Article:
This can be fixed with a simple foam insert that goes behind the switchplate and blocks that airflow. (The one below is good because it has cutouts for a variety of uses.)
This is another area we don’t often think about. It takes a lot of energy to heat water. The more hot water you use, the more energy your hot water heater requires to get the tank back to your set temperature.
Think about how often you use hot water. Now consider that your hot water tank (if you have a tankless system you can ignore this) is constantly trying to keep the reservoir of water inside it at whatever temperature you set.
All the while, heat is escaping through the pipes that run throughout your home and through the tank itself. This lowers the inside water temperature, which causes the tank to fire up the burner or heating element and get it back to the set point.
You can save money by lowering the temperature of your water heater. It should be at 120 degrees or so, Dom says. You can also get some inexpensive pipe insulation to put around the exposed pipes coming from the heater. Dom estimates that insulation will pay for itself in about a year.
In larger homes, it’s not uncommon to have a hot water circulation pump. These pumps circulate water through the hot water pipes and back to the tank so you get hot water immediately when you turn on a faucet. Without it, the water in the pipes will have cooled over time and it would take several seconds to around a minute before hot water from the tank would reach the spigot.
Dom said he can usually tell which homes have a circulation pump simply by looking at the bill. The summer gas usage will be three to four times that of a typical home. The pump is bringing hot water from the tank through the home, where some of that heat transfers from the pipes to the air between the walls and floors as it travels. It coems back to the tank coolers, which causes the heater to start up.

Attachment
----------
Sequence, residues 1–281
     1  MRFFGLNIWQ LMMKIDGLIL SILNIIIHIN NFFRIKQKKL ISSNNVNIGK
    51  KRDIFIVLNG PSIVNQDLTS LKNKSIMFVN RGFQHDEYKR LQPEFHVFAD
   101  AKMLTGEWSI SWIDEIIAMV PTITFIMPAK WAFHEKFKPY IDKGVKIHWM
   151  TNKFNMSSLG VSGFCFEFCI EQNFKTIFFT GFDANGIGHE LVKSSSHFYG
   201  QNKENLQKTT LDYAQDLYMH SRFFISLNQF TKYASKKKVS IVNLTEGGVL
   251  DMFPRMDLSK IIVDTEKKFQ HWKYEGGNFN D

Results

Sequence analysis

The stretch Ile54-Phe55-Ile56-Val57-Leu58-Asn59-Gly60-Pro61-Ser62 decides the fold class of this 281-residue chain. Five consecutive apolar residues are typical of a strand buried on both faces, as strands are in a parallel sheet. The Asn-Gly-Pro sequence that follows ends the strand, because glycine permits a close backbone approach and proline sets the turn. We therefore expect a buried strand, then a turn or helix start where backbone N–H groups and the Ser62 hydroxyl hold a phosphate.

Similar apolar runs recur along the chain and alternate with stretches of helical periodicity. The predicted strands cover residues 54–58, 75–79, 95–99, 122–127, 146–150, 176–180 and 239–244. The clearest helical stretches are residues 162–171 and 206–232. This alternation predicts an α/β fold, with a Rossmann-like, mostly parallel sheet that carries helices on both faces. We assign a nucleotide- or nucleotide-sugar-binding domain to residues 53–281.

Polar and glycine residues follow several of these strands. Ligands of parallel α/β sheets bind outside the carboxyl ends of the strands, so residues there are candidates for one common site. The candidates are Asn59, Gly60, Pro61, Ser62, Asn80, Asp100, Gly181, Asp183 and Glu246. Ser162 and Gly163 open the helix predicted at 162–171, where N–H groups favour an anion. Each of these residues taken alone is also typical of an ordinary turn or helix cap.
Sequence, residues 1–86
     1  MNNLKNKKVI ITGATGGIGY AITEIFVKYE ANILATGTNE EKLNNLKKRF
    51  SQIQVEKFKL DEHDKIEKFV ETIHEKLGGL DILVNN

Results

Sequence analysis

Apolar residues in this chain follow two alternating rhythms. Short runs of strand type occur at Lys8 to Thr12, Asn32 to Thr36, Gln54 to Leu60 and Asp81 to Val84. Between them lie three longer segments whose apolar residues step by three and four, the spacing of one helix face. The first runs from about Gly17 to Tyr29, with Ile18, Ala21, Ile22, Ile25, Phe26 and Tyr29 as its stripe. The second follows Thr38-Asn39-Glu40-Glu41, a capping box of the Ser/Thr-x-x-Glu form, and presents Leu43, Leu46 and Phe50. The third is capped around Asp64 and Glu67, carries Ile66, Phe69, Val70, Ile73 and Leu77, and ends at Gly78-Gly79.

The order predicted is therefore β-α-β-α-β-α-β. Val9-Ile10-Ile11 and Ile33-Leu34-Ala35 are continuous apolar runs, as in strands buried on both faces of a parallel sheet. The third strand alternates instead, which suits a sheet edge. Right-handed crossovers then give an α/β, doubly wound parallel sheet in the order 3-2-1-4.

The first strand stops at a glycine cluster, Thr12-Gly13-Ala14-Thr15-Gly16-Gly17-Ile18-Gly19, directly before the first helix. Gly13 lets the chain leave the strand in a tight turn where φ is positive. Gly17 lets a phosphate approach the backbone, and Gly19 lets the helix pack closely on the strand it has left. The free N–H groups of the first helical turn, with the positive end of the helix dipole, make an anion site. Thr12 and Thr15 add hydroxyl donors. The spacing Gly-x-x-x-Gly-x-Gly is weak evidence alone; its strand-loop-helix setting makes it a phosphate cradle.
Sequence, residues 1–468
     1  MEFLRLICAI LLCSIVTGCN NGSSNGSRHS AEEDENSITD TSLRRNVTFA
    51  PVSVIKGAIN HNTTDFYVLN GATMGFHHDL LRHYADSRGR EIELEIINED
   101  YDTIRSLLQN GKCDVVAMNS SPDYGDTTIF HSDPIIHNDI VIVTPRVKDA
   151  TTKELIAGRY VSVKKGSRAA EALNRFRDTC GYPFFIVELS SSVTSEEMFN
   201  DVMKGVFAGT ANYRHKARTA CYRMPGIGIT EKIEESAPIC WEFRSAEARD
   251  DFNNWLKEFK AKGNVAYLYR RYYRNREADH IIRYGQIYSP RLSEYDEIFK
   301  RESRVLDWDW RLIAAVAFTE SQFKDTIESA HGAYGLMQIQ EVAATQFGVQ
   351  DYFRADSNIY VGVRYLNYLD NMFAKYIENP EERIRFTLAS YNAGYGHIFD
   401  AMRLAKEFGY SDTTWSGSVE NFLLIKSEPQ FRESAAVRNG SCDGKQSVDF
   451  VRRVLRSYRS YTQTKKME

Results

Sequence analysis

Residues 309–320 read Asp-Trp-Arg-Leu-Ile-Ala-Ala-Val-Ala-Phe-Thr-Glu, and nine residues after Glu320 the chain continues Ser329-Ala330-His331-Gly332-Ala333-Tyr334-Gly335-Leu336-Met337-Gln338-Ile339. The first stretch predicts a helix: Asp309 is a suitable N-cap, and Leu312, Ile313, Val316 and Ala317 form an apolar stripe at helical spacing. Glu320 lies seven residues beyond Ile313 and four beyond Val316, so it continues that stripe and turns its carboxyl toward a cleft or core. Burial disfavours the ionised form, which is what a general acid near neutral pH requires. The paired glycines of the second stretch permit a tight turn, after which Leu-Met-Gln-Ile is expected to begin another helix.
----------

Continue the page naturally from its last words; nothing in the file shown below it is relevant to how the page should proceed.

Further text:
Most pumps have a timer, which allows the occupant to have the pump turn on when it would be most likely hot water might be used, such as a regular shower time or in the evening hours after work and before bed.
Alternatively, you could do what I’ve done. I have the pump plugged into a Wi-Fi-enabled outlet (a WeMo switch in my case) that is synced with an Amazon Echo Dot. When I want to turn on the pump, I say “Alexa, turn on the shower” or I press a button on the WeMo app on my phone. I have the WeMo set to automatically turn off after an hour.
Finally, when washing clothes you should consider doing as many loads in cold water as you can. We only use hot water for whites and towels. Everything else gets done in cold. That has the added bonus of keeping colors from bleeding and ruining other clothes.
One of the easiest ways to reduce energy usage is to get a programmable thermostat.
This lets you set the temperature differently when people are home vs. when no one is home. If no one is home from 7 a.m. to 4 p.m. every day, there’s no reason to heat or cool your house as if they were during that time.
Programmable thermostats are easy to install and are relatively cheap. You can even get them Wi-Fi compatible so you can control the temperature from your smartphone or computer.
Set the temperature four or five degrees outside what you want it to be when you’re not home and then have it raise or lower the temperature accordingly for when you get back. Some utilities will even give you a rebate for purchasing certain models of thermostat, so look into that before you buy.
The utility room
This is one area I hadn’t even considered. In my basement there is a utility room that has the gas-burning furnace and water heater. There is a combustion air intake vent that brings in outside air to allow those appliances to operate correctly.
Dom pointed out that having that vent means that the door to that room should be treated like an exterior door. I should put foam weatherstripping all around the door, and I should also put a door sweep on the bottom to keep the air from mixing with the rest of the house.
I hadn’t considered that, but he’s absolutely right. I’ll definitely take care of that in the near future.
I was really glad I went through this audit. It allowed me to find a few more things I had not been optimizing for energy efficiency, and I was able to confirm with an expert that the things I have been doing are worthwhile.
Dom compared my usage to that of neighboring houses and of the previous homeowner. While he couldn’t give me that data, he could say that my usage was less than half that of the previous owner and very favorable even compared to smaller homes in the area.
That’s a savings of more than $1,000 a year just in natural gas bills, and I suspect my electrical bill is similarly reduced. Paying attention to energy efficiency really does pay off!